Mixed Strategy Play and the Minimax Hypothesis

UCSD Economics Discussion Paper 96-37

Posted: 3 Sep 1997

See all articles by Jason M. Shachat

Jason M. Shachat

National University of Singapore (NUS) - Department of Economics

Date Written: November 1996


This paper reports on a set of experiments designed to discriminate among the possible sources of the failure of the unique mixed strategy minimax equilibrium of the O'Neill (1987) game. First, the experimental design allows one to identify the causes of the serial correlation in subjects' action choices. Second, the design allows one to discriminate among a set of mixed strategies which generate distributions over actions and wins similar to the distributions generated by the minimax strategy. This is accomplished by introducing a new methodology for eliciting mixed strategies, which overcomes some of the difficulties with previous experimental attempts to directly observe mixed strategies. The results clearly show that subjects' choices do not coincide with their minimax strategies, and that players' intended behavior is not minimax. Analysis of the data also reveals that subjects adopt a wide variety of strategies. It is shown that this heterogeneity can rationalize some of the features of the aggregate data that are consistent with the predictions made by the minimax hypothesis.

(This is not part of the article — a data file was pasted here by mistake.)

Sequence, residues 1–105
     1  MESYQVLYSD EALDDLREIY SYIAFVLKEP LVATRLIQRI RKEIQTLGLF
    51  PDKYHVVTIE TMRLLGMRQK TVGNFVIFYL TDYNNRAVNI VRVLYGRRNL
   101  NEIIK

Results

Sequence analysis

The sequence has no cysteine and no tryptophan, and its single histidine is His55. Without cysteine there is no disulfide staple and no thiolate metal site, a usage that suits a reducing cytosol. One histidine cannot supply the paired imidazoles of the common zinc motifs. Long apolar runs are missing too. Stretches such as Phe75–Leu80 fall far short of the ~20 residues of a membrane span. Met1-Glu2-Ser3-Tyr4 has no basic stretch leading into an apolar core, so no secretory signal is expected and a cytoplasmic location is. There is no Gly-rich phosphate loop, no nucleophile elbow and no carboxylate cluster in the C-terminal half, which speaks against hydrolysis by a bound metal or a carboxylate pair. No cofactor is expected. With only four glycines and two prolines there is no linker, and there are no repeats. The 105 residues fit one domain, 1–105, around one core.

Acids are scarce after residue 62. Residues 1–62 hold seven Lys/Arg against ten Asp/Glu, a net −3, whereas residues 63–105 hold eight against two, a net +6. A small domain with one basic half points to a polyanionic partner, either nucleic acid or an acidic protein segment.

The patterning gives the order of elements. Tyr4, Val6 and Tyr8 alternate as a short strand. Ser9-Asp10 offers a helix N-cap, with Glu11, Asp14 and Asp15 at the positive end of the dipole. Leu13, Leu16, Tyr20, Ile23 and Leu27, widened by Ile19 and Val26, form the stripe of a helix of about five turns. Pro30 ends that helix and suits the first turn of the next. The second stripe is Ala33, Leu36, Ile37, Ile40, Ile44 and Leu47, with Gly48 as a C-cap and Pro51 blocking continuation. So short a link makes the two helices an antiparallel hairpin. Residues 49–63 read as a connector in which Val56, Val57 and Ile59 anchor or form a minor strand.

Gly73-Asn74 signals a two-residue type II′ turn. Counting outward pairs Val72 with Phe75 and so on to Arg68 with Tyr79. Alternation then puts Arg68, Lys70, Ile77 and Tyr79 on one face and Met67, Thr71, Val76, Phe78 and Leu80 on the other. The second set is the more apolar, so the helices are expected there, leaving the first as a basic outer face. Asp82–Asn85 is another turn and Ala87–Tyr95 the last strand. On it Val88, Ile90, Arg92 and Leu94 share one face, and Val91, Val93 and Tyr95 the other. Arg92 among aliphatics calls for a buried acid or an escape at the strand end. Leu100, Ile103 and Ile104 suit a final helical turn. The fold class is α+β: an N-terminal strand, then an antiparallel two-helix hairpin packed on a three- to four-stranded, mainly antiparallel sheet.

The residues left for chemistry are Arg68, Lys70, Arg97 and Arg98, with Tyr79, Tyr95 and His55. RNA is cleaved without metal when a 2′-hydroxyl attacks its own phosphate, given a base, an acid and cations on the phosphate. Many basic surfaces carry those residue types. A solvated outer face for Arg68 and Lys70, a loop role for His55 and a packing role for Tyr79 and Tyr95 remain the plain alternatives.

JEL Classification: C72, C92

Suggested Citation

Shachat, Jason, Mixed Strategy Play and the Minimax Hypothesis (November 1996). UCSD Economics Discussion Paper 96-37, Available at SSRN: https://ssrn.com/abstract=10759

Jason Shachat (Contact Author)

National University of Singapore (NUS) - Department of Economics ( email )

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